All of Barcelona’s buses, of which there are more than 1,000, are fully accessible. They have ramps, low floors and reserved spaces for passengers with reduced mobility. The bus shelters are also slowly being adapted too – eventually, all buses and shelters will provide both audio announcements and visual information on screens.
Taxis are another great way for disabled people to get around the city, as many of them have been adapted. By law, all drivers must allow guide dogs in their cabs for no extra charge.
Barcelona’s metro system may be 100 years old, but recent updates to its stations and trains means that the service is becoming increasingly accessible for all. The ticket barriers emit audio and visual signals to let travellers know if their ticket has been accepted or not, and at the newer stations there are platform screen doors to help ensure the passengers board the trains safely.
In some stations, disabled tourists may need help with getting on and off of trains. However, ramps are being fitted to solve this problem, and eventually all lines will be fully adapted just like Barcelona’s bus service.
Known as the largest ornamental fountain in the city, Font Màgica combines water acrobats, lights and music to create an epic display that should not be missed. The water show is mostly visual, so it is highly recommended for tourists who are deaf or hard of hearing; however, visually impaired visitors will enjoy it too for the music and the sound of the water.
To get the best viewing spots, travellers who are visually impaired or disabled should arrive early. They are permitted to bring their guide dogs too. There are a few steps at the fountain, but these can be avoided by taking one of the alternative routes designed for wheelchair users.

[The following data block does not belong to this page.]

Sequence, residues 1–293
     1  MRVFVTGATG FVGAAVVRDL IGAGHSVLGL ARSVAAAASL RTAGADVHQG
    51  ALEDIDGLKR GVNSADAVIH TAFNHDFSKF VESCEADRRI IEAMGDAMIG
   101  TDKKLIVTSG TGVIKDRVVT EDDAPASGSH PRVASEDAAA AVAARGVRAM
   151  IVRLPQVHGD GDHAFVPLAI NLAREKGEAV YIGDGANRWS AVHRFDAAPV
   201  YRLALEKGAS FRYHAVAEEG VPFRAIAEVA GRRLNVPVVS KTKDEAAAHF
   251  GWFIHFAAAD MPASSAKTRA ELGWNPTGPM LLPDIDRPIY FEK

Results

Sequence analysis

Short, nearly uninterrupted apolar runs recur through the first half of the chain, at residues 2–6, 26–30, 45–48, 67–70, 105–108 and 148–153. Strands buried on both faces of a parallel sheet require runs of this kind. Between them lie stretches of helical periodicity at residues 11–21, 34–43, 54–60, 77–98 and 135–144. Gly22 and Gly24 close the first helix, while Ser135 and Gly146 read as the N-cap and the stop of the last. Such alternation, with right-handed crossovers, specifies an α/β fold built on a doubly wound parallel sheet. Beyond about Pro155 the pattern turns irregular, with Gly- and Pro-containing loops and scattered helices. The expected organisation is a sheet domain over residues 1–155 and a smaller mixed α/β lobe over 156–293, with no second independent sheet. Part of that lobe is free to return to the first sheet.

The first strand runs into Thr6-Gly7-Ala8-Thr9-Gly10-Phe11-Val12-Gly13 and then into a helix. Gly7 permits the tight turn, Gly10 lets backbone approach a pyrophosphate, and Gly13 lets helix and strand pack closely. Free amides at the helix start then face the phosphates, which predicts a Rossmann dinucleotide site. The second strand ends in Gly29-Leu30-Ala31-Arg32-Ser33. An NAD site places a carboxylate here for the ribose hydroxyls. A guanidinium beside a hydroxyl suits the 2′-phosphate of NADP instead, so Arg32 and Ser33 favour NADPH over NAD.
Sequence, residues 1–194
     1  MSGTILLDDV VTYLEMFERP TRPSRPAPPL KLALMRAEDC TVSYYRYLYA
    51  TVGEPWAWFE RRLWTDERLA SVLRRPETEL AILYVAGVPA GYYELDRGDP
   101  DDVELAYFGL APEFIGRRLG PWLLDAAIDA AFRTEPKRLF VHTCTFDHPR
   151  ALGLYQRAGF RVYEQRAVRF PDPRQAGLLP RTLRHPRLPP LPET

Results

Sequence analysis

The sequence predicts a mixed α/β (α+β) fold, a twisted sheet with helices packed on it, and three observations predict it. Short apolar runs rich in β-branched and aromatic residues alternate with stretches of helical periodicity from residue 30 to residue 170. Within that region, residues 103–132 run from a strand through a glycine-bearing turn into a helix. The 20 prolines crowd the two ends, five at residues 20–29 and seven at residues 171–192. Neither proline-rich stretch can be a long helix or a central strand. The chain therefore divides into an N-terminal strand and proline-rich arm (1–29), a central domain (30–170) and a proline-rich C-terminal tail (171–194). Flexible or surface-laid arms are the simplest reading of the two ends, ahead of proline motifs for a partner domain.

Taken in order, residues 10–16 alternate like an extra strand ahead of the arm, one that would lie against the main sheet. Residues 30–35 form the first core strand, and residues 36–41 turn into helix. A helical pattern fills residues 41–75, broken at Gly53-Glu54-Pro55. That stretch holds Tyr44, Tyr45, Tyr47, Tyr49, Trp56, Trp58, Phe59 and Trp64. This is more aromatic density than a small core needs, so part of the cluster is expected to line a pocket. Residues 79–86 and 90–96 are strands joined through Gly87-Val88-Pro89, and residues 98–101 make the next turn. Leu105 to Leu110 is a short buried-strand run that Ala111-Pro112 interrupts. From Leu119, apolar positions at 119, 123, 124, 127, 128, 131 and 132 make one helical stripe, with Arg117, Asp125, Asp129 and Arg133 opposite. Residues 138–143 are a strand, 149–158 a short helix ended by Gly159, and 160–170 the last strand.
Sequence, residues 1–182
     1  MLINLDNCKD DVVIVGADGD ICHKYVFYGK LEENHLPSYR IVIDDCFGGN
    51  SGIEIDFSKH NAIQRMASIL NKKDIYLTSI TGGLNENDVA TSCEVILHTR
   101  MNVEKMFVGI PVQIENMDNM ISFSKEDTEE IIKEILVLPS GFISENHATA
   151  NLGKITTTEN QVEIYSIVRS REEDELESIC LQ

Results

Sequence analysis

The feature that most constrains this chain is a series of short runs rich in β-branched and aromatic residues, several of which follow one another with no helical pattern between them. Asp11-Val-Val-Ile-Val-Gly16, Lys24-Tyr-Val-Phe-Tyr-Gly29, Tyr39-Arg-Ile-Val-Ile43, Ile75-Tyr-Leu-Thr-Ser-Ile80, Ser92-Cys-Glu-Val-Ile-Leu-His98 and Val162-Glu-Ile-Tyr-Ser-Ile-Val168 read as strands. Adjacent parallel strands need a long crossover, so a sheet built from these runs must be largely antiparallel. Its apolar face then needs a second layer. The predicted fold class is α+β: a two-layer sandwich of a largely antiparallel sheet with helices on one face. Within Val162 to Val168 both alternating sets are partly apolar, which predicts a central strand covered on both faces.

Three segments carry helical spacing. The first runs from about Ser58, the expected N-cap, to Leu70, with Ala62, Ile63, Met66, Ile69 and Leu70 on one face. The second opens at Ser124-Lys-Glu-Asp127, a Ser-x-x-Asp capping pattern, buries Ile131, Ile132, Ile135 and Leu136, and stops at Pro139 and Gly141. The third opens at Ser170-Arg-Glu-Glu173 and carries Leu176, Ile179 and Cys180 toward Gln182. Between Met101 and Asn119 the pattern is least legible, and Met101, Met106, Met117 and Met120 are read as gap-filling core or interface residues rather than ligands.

Zoo de Barcelona
There are more than 7,000 animals to see at Zoo de Barcelona, including the world’s smallest monkey. It’s easy to see why it’s popular with tourists and locals alike and travellers with additional needs are well catered for here.
Disabled guests can enjoy a reduced entry fee – just remember to bring your handicap certificate. There are parking spaces reserved for disabled badge holders too and the grounds are equipped with ramps to help you get around.
Basilica of La Sagrada Familia
This unusual but beautiful temple has been in construction since 1882 and isn’t expected to be completed until 2030! It’s recommended that wheelchair users and visitors with reduced mobility visit the temple with a friend, as accessibility is limited due to the ongoing construction work. Travellers with disability levels of 65 per cent or more can get into the temple for free, as can their companions.
Despite the attraction not being fully accessible, tours can be arranged for visitors with special needs. Plus, all the displays are audio-visual, and blind/visually impaired tourists can enjoy the many tactile features of the temple. To find out where they are, pick up a guide from the information point.
Many of the city’s wonderful beaches have facilities especially for sun-seekers with reduced mobility, including reserved parking bays, showers with seats, adapted toilets, wooden walkways to the water’s edge and preferential zones for disabled bathers. There’s a whole host of different beaches to visit – Nova Icària is ideal for families as it’s one of the more peaceful beaches; Sant Sebastià and Barceloneta are the city’s oldest and therefore the most traditional, and Mar Bella is popular with younger tourists.
Disabled travellers will no doubt be pleasantly surprised by how accessible Barcelona is, and it looks like things are only going to get better.